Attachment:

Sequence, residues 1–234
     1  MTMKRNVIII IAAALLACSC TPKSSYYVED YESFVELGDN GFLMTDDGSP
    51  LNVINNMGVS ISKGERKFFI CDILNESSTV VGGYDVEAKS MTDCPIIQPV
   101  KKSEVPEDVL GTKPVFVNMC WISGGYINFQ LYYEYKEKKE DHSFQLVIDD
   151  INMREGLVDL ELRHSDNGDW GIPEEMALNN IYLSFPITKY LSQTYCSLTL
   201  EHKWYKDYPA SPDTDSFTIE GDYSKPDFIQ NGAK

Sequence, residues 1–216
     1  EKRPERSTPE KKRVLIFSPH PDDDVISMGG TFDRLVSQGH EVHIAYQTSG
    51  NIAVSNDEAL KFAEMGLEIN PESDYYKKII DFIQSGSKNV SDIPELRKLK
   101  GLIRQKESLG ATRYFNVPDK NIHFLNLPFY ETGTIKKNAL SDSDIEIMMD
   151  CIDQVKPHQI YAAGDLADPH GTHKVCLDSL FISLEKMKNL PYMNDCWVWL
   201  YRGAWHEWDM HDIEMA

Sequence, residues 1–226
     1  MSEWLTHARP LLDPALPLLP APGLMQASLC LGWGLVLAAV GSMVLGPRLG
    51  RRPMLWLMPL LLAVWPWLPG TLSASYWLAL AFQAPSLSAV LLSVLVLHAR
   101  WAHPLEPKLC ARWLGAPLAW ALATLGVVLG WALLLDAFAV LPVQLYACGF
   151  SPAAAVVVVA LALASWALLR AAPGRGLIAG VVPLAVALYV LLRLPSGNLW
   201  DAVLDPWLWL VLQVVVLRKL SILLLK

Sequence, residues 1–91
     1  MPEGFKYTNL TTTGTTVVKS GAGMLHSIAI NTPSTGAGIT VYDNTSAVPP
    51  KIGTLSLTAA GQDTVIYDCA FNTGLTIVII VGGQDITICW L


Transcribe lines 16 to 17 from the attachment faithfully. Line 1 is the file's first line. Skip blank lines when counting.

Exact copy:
   101  WAHPLEPKLC ARWLGAPLAW ALATLGVVLG WALLLDAFAV LPVQLYACGF
   151  SPAAAVVVVA LALASWALLR AAPGRGLIAG VVPLAVALYV LLRLPSGNLW